SEN Design Group

SEN Blog

Tips to Extend the Boom Times: What Consumers Want From Their Kitchen Remodeling Firm

“Strive not to be a success, but rather to be of value.”

—Albert Einstein

Last year proved to have silver linings in its storm clouds. The pandemic kept people in their homes, and couples in record numbers decided to remodel their kitchens. We’ve been hearing from members that their business is booming. 2020, in fact, was an extraordinary financial success for the kitchen and bath industry, and the predictions for 2021 are far better. We all want great business to lead to more great business, but how do we know that the way we run our companies will ensure a continued bright future?

With that in mind, our team sat down to consider what prospective clients want to see happen during their remodeling experience. We outlined what matters most to them and why, so you’re ready to act on any concern a client may have before they bring one to you.

Clients demand quality

Focus on forging meaningful relationships with clientele, because the job that you do for them, and their satisfaction with your work, is the face of your business. The quality of your work — and that of your business relations — are the most important things for designers to uphold to keep the boom times going.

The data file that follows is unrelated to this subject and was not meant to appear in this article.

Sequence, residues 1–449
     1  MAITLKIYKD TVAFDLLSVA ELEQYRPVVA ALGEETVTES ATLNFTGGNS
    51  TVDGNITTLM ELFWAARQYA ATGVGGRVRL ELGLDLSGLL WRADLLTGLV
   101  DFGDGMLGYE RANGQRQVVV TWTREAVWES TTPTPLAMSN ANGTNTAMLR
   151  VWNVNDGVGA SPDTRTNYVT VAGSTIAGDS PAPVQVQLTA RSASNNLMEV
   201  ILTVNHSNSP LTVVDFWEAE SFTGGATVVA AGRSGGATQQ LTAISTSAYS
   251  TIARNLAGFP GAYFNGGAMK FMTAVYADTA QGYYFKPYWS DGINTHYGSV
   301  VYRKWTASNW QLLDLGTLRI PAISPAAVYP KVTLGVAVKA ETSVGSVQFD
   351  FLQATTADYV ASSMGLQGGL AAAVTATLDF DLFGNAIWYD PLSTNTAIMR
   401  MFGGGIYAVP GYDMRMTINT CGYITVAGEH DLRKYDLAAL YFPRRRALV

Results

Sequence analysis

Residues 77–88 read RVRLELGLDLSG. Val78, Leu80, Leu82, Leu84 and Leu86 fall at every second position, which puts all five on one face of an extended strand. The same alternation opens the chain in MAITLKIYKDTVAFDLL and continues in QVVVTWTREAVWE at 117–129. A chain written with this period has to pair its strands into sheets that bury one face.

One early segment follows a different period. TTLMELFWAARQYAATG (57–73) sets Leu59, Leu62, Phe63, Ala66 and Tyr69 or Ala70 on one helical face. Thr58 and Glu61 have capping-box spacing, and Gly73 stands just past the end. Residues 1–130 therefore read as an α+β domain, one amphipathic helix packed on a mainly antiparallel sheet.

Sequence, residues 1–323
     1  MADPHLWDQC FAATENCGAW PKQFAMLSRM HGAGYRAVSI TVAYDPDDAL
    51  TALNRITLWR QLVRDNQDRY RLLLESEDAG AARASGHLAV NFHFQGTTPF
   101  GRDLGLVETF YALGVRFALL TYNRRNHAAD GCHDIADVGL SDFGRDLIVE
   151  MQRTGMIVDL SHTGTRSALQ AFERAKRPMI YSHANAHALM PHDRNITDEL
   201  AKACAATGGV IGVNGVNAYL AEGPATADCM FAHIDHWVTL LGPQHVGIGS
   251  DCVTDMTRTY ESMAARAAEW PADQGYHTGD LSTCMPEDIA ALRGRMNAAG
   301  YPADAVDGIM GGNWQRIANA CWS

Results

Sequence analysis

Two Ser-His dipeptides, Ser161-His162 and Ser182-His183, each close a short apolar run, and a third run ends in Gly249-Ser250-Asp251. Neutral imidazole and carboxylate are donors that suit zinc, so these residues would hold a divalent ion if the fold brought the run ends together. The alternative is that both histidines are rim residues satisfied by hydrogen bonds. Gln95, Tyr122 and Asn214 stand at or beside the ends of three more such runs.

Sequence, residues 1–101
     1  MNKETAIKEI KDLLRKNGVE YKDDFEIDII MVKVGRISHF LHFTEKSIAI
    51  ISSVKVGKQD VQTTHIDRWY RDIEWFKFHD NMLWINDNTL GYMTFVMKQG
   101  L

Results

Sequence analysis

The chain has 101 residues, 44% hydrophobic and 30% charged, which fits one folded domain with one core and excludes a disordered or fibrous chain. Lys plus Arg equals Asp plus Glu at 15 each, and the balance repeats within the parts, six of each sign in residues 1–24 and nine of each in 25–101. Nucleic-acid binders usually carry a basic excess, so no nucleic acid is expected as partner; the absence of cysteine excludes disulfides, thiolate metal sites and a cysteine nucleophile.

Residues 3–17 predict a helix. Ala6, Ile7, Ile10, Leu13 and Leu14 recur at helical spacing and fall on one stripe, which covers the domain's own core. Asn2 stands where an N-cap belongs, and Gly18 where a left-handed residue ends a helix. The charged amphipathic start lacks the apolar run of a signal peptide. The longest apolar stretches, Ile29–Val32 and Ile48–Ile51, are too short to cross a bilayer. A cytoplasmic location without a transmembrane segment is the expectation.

What matters to buyers can be said in many words, but it comes down to one above all others: quality. What good is a speedy delivery time if the installation disappoints them? A faster-than-expected installation of their cabinets sounds great unless the job is botched. A firm’s reliable service is not going to matter for long if their personnel are too busy to be courteous and precise.

Decades have gone by since national big box chains first scared the small business person with the threat of taking all of their customers away from them. The online marketing boom of the past two decades has shown small, independent businesses making a comeback. Clients will hire kitchen and bath firms who inspire confidence in them. Confidence is earned by demonstrating quality.

“Quality” is a multi-faceted word